In Proctorio, Incorporated v Linkletter, 2022 BCSC 400, the Supreme Court of British Columbia dismissed an application under s 4 of the Protection of Public Participation Act (the “PPPA”) brought by an individual who was sued for disseminating restricted material. The Applicant, Mr. Linkletter, sought to halt Proctorio’s action by characterizing it as strategic litigation against public participation (“SLAPP”). In dismissing Mr. Linkletter’s application, the Court had to balance the right to express opinions on matters of public interest, the protection of confidential material on online platforms, and the interplay between licenses when dealing with material that cross different platforms.
Proctorio offers exam proctoring software to education institutions. Proctorio’s software became popular as a result of the COVID-19 pandemic.
However, Proctorio’s software faced scrutiny – there was debate about whether its surveillance practices distressed some students. After hearing about the poor service one of his students received, Mr. Linkletter, a learning technology specialist at the University of British Columbia, used his Twitter platform to criticize Proctorio’s software and practices. To support his criticism, Mr. Linkletter used his access to Proctorio’s software to disclose in tweets links to unlisted instructional YouTube videos (which cannot be found by searching), as well as a screenshot from Proctorio’s Academy webpage. Those materials were only intended to be provided to educators and administrators.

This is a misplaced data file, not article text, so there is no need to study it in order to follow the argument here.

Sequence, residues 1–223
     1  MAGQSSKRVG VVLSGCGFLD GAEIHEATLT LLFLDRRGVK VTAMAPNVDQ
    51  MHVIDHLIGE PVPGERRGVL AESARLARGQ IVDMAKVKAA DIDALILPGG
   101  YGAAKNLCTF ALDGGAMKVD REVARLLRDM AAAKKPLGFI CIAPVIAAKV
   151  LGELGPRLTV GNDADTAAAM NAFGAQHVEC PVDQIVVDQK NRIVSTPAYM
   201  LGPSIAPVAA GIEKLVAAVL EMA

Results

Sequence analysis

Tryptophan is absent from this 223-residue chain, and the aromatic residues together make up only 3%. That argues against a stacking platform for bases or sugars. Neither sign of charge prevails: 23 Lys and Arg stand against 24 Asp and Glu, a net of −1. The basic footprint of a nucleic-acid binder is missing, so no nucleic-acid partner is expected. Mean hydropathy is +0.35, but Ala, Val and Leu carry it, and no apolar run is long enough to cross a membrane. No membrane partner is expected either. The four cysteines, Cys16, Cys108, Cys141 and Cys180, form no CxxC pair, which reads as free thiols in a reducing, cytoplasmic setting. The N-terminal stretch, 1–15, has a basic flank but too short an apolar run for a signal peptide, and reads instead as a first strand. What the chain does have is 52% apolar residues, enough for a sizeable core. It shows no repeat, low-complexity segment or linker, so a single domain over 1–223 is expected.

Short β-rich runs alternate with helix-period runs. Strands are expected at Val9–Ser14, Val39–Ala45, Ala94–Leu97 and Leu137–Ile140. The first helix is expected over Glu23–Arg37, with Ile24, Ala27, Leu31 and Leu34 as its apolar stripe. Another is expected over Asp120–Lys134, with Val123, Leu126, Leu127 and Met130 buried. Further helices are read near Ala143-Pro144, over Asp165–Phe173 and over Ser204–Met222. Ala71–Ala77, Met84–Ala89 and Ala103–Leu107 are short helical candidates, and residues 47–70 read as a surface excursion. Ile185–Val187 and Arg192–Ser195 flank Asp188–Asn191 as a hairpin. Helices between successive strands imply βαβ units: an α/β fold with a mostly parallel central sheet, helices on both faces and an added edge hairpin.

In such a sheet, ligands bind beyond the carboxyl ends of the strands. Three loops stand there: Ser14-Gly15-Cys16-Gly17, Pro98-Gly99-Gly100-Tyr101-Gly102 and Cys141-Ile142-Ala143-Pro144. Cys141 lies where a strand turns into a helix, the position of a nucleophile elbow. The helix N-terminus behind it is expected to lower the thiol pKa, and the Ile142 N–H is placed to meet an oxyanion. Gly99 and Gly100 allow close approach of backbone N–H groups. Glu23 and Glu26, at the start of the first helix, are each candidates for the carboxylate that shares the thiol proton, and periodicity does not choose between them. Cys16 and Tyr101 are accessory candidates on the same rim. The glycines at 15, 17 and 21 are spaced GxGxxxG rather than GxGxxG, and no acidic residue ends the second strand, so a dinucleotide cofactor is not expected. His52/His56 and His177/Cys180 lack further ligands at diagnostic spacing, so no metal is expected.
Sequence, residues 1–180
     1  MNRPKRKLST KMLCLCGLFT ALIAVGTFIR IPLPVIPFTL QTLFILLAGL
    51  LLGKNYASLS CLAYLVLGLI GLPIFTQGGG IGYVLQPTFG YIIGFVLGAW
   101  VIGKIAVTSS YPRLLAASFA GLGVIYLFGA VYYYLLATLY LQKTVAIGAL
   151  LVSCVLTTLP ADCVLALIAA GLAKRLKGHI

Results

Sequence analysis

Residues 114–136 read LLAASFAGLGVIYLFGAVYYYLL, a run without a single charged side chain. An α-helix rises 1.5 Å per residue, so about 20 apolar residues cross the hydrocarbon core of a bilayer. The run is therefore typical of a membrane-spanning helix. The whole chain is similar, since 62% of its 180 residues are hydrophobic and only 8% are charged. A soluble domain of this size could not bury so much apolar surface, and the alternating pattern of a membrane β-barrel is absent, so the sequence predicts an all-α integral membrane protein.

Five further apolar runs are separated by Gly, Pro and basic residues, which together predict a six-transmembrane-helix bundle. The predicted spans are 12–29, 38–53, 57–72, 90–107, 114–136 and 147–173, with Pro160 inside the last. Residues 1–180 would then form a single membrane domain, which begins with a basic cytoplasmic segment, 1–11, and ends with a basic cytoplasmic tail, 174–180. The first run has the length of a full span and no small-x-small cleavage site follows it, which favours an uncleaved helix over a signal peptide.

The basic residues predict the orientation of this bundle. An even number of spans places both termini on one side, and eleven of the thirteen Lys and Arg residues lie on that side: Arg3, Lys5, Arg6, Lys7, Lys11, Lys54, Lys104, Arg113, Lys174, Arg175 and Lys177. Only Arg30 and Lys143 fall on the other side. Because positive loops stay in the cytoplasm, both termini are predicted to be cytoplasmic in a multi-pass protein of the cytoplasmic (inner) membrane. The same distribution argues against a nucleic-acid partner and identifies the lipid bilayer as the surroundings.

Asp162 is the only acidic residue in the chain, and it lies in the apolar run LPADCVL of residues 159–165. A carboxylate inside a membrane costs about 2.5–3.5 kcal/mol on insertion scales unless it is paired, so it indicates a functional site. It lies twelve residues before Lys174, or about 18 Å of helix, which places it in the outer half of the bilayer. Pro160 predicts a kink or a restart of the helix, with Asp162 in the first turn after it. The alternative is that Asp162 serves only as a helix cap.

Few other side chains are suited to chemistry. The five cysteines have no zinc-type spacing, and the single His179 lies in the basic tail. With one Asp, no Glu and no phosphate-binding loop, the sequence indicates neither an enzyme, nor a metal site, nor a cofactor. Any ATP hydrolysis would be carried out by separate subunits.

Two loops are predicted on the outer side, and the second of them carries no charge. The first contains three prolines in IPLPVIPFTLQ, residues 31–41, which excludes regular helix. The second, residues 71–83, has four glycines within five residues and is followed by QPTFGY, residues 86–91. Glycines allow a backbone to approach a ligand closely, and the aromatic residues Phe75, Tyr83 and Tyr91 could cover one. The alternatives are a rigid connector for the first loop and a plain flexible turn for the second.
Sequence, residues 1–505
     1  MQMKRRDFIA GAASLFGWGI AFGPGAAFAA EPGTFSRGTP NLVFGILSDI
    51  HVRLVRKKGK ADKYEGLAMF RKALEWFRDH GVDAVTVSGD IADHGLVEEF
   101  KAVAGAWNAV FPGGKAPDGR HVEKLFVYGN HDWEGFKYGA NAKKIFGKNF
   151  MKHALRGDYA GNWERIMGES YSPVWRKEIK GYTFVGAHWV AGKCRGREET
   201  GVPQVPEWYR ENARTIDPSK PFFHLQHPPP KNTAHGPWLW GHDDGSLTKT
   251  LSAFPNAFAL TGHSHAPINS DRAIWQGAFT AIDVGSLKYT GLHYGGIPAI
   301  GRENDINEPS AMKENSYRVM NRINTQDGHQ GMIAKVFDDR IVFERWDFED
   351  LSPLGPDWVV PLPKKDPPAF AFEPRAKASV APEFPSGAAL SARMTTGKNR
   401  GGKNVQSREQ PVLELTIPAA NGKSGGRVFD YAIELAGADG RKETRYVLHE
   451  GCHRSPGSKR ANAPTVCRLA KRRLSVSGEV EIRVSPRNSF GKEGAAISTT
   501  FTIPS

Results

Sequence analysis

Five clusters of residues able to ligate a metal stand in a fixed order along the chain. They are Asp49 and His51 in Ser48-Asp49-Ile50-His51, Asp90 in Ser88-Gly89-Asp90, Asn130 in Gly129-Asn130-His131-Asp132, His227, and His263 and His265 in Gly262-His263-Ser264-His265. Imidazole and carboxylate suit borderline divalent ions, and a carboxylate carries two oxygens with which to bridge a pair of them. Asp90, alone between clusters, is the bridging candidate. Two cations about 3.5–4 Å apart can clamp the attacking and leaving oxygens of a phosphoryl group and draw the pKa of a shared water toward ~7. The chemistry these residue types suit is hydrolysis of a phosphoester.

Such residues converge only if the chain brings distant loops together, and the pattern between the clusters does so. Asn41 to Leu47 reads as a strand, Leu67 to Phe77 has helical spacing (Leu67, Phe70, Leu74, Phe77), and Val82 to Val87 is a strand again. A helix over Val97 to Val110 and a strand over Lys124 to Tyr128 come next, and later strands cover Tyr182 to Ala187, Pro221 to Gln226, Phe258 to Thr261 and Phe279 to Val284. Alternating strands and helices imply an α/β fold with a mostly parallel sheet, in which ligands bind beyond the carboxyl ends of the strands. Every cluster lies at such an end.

On September 1, 2020, Proctorio brought an action alleging that Mr. Linkletter was liable for:
- the tort of breach of confidence;
- copyright infringement, contrary to the Copyright Act; and
- circumventing technological protection measures, contrary to the Copyright Act.
The very next day after serving its claim, Proctorio obtained an interim junction order restricting Mr. Linkletter from sharing information he obtained from using and accessing Proctorio’s software. Mr. Linkletter was not present when this interim injunction was obtained.
Mr. Linkletter brought this application asking the Court to dismiss Proctorio’s action and alleged that, contrary to the PPPA, it was a SLAPP suit and an attempt to “stifle criticism of Proctorio and its product”. Under s 4 of the PPPA, Mr. Linkletter had the burden to show that his expression relates to a matter of public interest.
If Mr. Linkletter succeeded in showing that his expression relates to a matter of public interest, the burden shifted to Proctorio who must show that:
- its action has substantial merit;
- Mr. Linkletter has no valid defence; and
- any harm that Proctorio’s suffered, or will suffer, outweighs the public interest in protecting Mr. Linkletter’s expression.
Mr. Linkletter also sought to modify the interim injunction order against him on the grounds that it was overbroad and exceeded the claim brought by Proctorio.
Court Dismisses Mr. Linkletter’s Application